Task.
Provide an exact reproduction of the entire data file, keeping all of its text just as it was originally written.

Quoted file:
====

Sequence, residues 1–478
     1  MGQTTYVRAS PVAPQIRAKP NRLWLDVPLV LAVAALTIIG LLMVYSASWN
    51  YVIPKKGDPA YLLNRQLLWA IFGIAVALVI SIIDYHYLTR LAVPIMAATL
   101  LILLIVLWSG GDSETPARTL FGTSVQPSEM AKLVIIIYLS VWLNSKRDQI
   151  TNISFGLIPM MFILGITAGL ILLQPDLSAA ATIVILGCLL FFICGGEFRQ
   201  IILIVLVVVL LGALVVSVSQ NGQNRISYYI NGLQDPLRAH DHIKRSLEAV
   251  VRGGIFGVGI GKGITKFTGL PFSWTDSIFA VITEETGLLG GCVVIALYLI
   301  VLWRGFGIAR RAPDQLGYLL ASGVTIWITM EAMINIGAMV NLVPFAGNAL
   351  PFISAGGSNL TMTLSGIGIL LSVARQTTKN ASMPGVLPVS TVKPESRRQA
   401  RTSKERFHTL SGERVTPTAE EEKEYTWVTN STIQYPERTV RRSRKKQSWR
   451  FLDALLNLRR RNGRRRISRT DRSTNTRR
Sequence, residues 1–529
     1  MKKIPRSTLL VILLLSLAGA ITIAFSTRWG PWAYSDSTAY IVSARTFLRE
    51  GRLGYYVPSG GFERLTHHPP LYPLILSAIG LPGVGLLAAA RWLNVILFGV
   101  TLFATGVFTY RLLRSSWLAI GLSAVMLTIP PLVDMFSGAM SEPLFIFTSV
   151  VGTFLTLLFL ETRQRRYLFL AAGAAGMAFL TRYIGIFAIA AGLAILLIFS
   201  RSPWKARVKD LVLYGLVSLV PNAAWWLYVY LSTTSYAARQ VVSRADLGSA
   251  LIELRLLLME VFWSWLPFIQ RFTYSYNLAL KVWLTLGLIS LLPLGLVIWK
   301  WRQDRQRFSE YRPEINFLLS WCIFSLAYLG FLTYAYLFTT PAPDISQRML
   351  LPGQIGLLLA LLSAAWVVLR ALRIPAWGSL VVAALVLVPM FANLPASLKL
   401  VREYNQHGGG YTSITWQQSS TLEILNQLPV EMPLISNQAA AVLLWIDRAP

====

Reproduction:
Sequence, residues 1–478
     1  MGQTTYVRAS PVAPQIRAKP NRLWLDVPLV LAVAALTIIG LLMVYSASWN
    51  YVIPKKGDPA YLLNRQLLWA IFGIAVALVI SIIDYHYLTR LAVPIMAATL
   101  LILLIVLWSG GDSETPARTL FGTSVQPSEM AKLVIIIYLS VWLNSKRDQI
   151  TNISFGLIPM MFILGITAGL ILLQPDLSAA ATIVILGCLL FFICGGEFRQ
   201  IILIVLVVVL LGALVVSVSQ NGQNRISYYI NGLQDPLRAH DHIKRSLEAV
   251  VRGGIFGVGI GKGITKFTGL PFSWTDSIFA VITEETGLLG GCVVIALYLI
   301  VLWRGFGIAR RAPDQLGYLL ASGVTIWITM EAMINIGAMV NLVPFAGNAL
   351  PFISAGGSNL TMTLSGIGIL LSVARQTTKN ASMPGVLPVS TVKPESRRQA
   401  RTSKERFHTL SGERVTPTAE EEKEYTWVTN STIQYPERTV RRSRKKQSWR
   451  FLDALLNLRR RNGRRRISRT DRSTNTRR
Sequence, residues 1–529
     1  MKKIPRSTLL VILLLSLAGA ITIAFSTRWG PWAYSDSTAY IVSARTFLRE
    51  GRLGYYVPSG GFERLTHHPP LYPLILSAIG LPGVGLLAAA RWLNVILFGV
   101  TLFATGVFTY RLLRSSWLAI GLSAVMLTIP PLVDMFSGAM SEPLFIFTSV
   151  VGTFLTLLFL ETRQRRYLFL AAGAAGMAFL TRYIGIFAIA AGLAILLIFS
   201  RSPWKARVKD LVLYGLVSLV PNAAWWLYVY LSTTSYAARQ VVSRADLGSA
   251  LIELRLLLME VFWSWLPFIQ RFTYSYNLAL KVWLTLGLIS LLPLGLVIWK
   301  WRQDRQRFSE YRPEINFLLS WCIFSLAYLG FLTYAYLFTT PAPDISQRML
   351  LPGQIGLLLA LLSAAWVVLR ALRIPAWGSL VVAALVLVPM FANLPASLKL
   401  VREYNQHGGG YTSITWQQSS TLEILNQLPV EMPLISNQAA AVLLWIDRAP